The dangerous but docile boomslang

The boomslang is one of the most dangerous green snakes found in nature. However, bites by these snakes are quite rare, says Luke Kemp from the African Snakebite Institute.

Drop for drop, the boomslang (Dispholidus typus)has the most potent venom of any African snake. The amount required to kill a human is so small that one could barely see it with the naked eye. Luckily, they are very shy snakes and avoid humans, which makes bites very rare. The boomslang is largely a bushveld and savanna species that occurs in a widespread habitat from the South Coast and into the fynbos of the Western Cape.

Boomslang are long, thin snakes that average 1.5m in length, though may exceed 2m. Males are usually bright green, sometimes with black between the scales, but in the Cape province they are black above with green or yellow sides. Females are olive-brown to grey. Hatchlings and juveniles are grey with brown mottling and large emerald-green eyes, changing to adult colours when they reach about one metre in length. During spring, females lay eight to 15 eggs in the hollow of a tree or rotting log. The eggs take around four months to hatch and juveniles measure 30 to 40cm.

The boomslang is a docile snake that lives in trees and shrubs, venturing to the ground to hunt, bask in the morning sun, or move to a new tree. They are frequently killed by passing vehicles whilst crossing roads. If approached, they are quick to escape up the nearest tree. They are especially fond of gardens where they feed on hatchling birds, chameleons, and frogs.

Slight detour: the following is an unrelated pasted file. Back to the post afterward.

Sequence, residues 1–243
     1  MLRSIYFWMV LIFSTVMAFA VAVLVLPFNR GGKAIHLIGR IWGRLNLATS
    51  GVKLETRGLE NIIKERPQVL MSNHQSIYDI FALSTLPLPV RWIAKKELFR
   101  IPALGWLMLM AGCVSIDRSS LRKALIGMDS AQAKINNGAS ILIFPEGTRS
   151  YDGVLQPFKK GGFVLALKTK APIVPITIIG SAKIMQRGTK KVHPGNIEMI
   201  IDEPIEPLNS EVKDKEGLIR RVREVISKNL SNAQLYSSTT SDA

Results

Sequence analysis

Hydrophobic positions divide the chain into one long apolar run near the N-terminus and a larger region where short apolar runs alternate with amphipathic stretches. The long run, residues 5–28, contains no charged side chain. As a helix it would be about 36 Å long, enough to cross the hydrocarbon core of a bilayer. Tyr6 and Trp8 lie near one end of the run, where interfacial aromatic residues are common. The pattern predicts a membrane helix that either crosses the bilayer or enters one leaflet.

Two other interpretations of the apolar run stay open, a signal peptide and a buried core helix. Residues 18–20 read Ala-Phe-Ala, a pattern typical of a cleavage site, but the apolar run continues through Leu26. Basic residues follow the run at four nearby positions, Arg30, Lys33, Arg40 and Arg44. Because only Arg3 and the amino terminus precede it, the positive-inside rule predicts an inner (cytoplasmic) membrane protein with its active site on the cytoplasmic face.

Humans are at low risk of being bitten and most bites recorded for these snakes relate to snake handlers. These back-fanged snakes have a haemotoxic venom, which causes the blood cells to burst and prevents blood from clotting. This results in bleeding under the skin, out the nose, in the urine and eventually on the organs and brain. It is a slow-acting venom and symptoms may take four to eight hours to present. Death is usually only seen after one to three days, allowing victims ample time to reach a medical facility. A monovalent anti-venom is effective against the venom of the boomslang and bites are easily treatable.

Snakebite don’ts

DO NOT TRY TO CUT OR SUCKOUT THE VENOM: Snake venom quickly attaches to local tissue and is absorbed into the lymphatic system, and very little venom can be removed by suction. Cutting a snakebite wound may expose the wound to secondary infection.

DO NOT APPLY ELECTRIC SHOCK THERAPY: This holds no value in the treatment of snakebites as electric shocks do not neutralise snake venom.

DO NOT APPLY A TOURNIQUET: Arterial or venous tourniquets are not advised in most snakebites as venom is initially transported largely through the lymphatic system and not through veins.

DO NOT APPLY ICE, BOILING WATER, LOTION ORPOTIONS: Leave the bite site alone, except for cleaning it with cool water and applying a sterile gauze dressing. Boiling water does not denature snake venom. Never give a victim alcohol.

DO NOT INJECT ANTIVENOM AS A FIRST-AID MEASURE: If required, antivenom must be injected intravenously by a medical doctor in a hospital environment and usually in large quantities. Some patients have an allergic reaction to antivenom that may result in anaphylaxis, a life-threatening condition if not treated promptly.

Like this article?

Share on Facebook
Share on Twitter
Share on Linkdin
Share on Pinterest

You might also like